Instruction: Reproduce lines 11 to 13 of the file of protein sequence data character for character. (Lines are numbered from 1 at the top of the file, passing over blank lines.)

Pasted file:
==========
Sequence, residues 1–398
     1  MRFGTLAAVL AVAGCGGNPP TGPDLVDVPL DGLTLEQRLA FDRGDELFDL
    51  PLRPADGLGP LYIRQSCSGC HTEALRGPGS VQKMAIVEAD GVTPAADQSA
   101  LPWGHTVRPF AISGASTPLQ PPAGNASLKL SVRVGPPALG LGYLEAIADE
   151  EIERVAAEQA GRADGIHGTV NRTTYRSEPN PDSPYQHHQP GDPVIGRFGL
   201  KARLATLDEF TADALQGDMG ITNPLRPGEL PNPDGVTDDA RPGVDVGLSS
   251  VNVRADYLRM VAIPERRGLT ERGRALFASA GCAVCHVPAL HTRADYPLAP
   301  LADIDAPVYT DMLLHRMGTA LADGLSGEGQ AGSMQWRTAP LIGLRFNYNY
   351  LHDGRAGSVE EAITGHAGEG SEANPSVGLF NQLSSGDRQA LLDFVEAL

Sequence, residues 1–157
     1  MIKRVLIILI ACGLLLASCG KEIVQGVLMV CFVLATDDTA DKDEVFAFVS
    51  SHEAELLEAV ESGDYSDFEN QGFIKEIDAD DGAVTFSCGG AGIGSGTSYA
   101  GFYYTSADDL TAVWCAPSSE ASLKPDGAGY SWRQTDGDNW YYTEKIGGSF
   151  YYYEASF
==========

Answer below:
     1  MIKRVLIILI ACGLLLASCG KEIVQGVLMV CFVLATDDTA DKDEVFAFVS
    51  SHEAELLEAV ESGDYSDFEN QGFIKEIDAD DGAVTFSCGG AGIGSGTSYA
   101  GFYYTSADDL TAVWCAPSSE ASLKPDGAGY SWRQTDGDNW YYTEKIGGSF